So many questions that I get asked by my clients come up time and time again so I thought it may be helpful to compile a list of the most frequently asked. I will keep adding to this list as new questions crop up and if you have a question that I haven’t answered here, please do get in touch!
1) What is an Executor and how many can I appoint in my will?
An Executor is the person or persons appointed to administer your estate after your death. This includes obtaining your original will, applying for probate, paying any debts out of your estate and distributing your estate in accordance with the instructions in your will. You can appoint as many Executors as you like in your will but I suggest a maximum of four as only four can apply for probate. I also advise appointing a minimum of two Executors as administering an estate can be a daunting task for one person on their own, especially at an already upsetting and stressful time.
2) Can I include my funeral wishes in my will?
Yes, you can – and most people do. However, because your will may not be looked at until after your death, it is important to discuss your wishes with your loved ones so that they are aware of the type of funeral service you would like.
3) Can I appoint guardians in my will to look after my children if I die when they are still young? How do I choose who to appoint?
Yes you can and this is one of the most important functions of a will. However, a guardianship appointment would only take effect if both people with parental responsibility have died. For guidance on how to choose suitable guardians, please read my article, here.
4) I have fallen out with a family member. Can I exclude them from inheriting under my will as I don’t want them to get their hands on my money?
Certain groups of people are able to contest a will, for example, if they were financially dependant on you before your death and you have made little or no provision for them in your will or if one of your children, for example, has been cut out of your will completely. Just because a person chooses to contest a will does not mean they will do so successfully. They would have less chance of successfully contesting your will if you have included an explicit exclusion clause in your will and have given details of your reasons for the exclusion.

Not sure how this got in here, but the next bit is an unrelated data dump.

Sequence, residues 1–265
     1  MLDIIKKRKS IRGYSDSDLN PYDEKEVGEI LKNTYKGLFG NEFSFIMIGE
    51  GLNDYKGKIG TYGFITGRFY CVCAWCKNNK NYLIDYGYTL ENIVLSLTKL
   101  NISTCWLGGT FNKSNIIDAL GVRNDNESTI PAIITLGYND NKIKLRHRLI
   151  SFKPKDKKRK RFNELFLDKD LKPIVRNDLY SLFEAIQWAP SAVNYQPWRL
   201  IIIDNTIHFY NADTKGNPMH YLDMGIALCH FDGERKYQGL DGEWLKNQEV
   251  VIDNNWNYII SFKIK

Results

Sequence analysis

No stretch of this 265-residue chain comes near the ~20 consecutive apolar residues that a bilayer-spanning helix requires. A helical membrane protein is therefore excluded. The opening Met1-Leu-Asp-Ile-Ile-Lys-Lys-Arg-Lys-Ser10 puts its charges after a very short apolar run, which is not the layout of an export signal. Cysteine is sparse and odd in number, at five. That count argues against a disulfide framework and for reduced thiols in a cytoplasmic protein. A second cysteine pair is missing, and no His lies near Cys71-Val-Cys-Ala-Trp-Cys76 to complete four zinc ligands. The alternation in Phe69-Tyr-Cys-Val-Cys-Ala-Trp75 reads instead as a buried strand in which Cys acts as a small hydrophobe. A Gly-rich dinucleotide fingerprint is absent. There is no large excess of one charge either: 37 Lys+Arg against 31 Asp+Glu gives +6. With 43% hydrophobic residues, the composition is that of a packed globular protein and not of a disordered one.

5) Can I state what I would like to happen to my pets in my will?
Yes, of course! They’re part of the family! You can refer to a specific pet (i.e. ‘my cat, Bertie’) or you can refer to your pets in general (i.e. ‘any pets I own at the time of my death’) and in both instances you can state who you would like to look after them.
6) Do I have to tell my Executors what’s in my will?
No, absolutely not! Your will is confidential and although it would be useful for you to tell your Executors that you have appointed them in this role, you do not need to show them a copy of your will or tell them what is in it.
7) How do I finalise my will so that it is valid?
Your will needs to be signed by you in the presence of two independent witnesses who must be present at the same time to witness you sign your will, and who must then enter their own signatures.
8) My daughter is having a baby soon. Can I make reference to my future grandchildren in my will?
Yes, you can. You can refer to ‘any grandchildren born at the time of my death’ and can stipulate whether they are to receive a specific gift each or whether they are to share a gift, i.e. an amount of money.
9) I am getting divorced. Do I have to make a new will?
Technically, no. A will that you made while you were married would still be valid after your decree absolute had been issued, but your ex-spouse would lose any gift under the will. However, with such a big life event, such as divorce, it is highly advisable to make a new will and to reassess how you would like your assets to be distributed upon your death.
10) My partner and I got married! Are the wills we made when we first moved in together still valid?
That depends. If your wills include a ‘contemplation of marriage’ clause then it is likely that they are still valid. However, ordinarily, the event of marriage invalidates any will that was made before the marriage took place so it is highly advisable to get your wills checked so that you can be certain of whether or not you need to make new ones.
If you’d like to chat about any of these issue please call me on 079100 74611 or email me at Rachel@hardingestateplanning.co.uk.
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